About Us

25 Years of Service​

In the late 1980s, the City of Charlotte and Mecklenburg County leaders and citizen advisory groups developed a framework for a program with dedicated funding to support stormwater initiatives. In 1993, Charlotte Storm Water Services was born and Mecklenburg County Storm Water Services followed in early 1994. This collaborative effort created the first stormwater utility in North Carolina and one of the first in the nation. In celebration of 25 years of service, staff members reflected on our accomplishments, why our programs and projects are important to our community, and what our work will look like in the next 25 years.

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StormWater 25 Years Logo

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Improving Infrastructure

 

Protecting Surface Waters​​​​​

 

Building Partnerships​

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over the past year we have installed
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over 25,000 linear feet of pipe and so
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you can imagine what we've installed
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over the previous 24 years
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[Music]
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everyone in the city has a driveway or a
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roof that drains to the storm drainage
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system and the thousands of miles of
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pipe underneath our roads and those
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pipes need to be maintained and replaced
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to keep the city functioning I'd like
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for a residents to know that our storm
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drains are connected to our creeks so
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when it rains that water gets into our
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storm drains and goes to our creeks
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which eventually goes to the rivers and
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then to the oceans
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so we need to be diligent about what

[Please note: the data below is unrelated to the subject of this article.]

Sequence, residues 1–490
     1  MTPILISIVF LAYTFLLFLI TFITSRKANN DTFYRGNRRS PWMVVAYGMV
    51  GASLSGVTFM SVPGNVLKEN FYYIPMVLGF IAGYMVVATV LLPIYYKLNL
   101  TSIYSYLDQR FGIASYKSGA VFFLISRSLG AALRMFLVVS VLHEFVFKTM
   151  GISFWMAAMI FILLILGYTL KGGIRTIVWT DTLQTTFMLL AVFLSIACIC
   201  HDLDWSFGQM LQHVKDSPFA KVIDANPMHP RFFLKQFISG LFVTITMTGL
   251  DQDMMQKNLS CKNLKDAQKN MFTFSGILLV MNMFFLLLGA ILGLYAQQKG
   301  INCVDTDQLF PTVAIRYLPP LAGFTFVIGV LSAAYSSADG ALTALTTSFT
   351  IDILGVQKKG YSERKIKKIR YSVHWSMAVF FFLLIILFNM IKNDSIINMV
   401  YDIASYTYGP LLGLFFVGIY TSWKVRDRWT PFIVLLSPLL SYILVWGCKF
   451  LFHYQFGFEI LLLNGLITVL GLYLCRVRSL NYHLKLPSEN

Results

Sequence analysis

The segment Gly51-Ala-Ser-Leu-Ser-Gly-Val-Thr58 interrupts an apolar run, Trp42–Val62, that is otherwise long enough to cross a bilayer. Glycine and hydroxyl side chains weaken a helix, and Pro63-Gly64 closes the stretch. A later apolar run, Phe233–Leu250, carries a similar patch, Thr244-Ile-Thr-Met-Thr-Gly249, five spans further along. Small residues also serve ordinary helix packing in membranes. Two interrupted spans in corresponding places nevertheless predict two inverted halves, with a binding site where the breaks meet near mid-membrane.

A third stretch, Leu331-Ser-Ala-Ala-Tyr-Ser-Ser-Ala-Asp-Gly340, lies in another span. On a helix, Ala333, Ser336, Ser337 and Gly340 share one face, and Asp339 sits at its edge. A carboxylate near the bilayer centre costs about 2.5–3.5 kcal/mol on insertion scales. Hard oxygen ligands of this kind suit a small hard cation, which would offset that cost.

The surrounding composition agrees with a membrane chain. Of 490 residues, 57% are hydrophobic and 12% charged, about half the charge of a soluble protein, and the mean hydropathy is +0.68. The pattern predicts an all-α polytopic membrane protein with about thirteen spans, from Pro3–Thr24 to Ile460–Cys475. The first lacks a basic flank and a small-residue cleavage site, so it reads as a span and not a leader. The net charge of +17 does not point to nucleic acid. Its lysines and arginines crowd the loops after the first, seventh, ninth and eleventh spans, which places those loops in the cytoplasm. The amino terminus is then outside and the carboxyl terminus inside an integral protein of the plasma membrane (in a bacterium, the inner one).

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goes into our storm drains
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with my 15 years with storm water
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I'd have to say residents benefited the
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most for instance with this project the
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resident had a lot of sinkholes in her
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front yard and those were caused by the
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broken pipe underground so we had to dig
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that up replace it with new pipe and we
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also added a roadside ditch to help with
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surface drainage but with her yesterday
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and she's very happy about that
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stormwater is first 25 years we've
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addressed a lot of the flooding issues
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around the city I see the next 25 being
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more replacement of aging infrastructure
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and bringing some of that up to date
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over the next 25 years I believe the
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community will benefit from the work
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that we're doing today they will
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experience less flooding and there will
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always be a need for storm water project
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I do this job because I love our surface
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water resources I think they're our most
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precious natural resource and I think